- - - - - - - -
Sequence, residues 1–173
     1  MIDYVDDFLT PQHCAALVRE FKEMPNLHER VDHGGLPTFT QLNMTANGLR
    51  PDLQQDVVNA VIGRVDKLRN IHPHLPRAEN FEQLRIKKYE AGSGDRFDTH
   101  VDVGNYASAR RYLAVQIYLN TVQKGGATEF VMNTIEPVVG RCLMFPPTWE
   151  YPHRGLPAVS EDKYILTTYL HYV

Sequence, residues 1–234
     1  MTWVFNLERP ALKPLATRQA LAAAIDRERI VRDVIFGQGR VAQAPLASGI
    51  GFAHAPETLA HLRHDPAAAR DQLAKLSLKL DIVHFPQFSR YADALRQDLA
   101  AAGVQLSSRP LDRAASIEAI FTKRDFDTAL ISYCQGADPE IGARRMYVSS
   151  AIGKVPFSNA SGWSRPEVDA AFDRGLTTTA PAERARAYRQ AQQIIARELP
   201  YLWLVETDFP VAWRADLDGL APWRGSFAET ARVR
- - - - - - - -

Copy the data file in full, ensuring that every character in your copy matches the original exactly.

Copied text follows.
Sequence, residues 1–173
     1  MIDYVDDFLT PQHCAALVRE FKEMPNLHER VDHGGLPTFT QLNMTANGLR
    51  PDLQQDVVNA VIGRVDKLRN IHPHLPRAEN FEQLRIKKYE AGSGDRFDTH
   101  VDVGNYASAR RYLAVQIYLN TVQKGGATEF VMNTIEPVVG RCLMFPPTWE
   151  YPHRGLPAVS EDKYILTTYL HYV

Sequence, residues 1–234
     1  MTWVFNLERP ALKPLATRQA LAAAIDRERI VRDVIFGQGR VAQAPLASGI
    51  GFAHAPETLA HLRHDPAAAR DQLAKLSLKL DIVHFPQFSR YADALRQDLA
   101  AAGVQLSSRP LDRAASIEAI FTKRDFDTAL ISYCQGADPE IGARRMYVSS
   151  AIGKVPFSNA SGWSRPEVDA AFDRGLTTTA PAERARAYRQ AQQIIARELP
   201  YLWLVETDFP VAWRADLDGL APWRGSFAET ARVR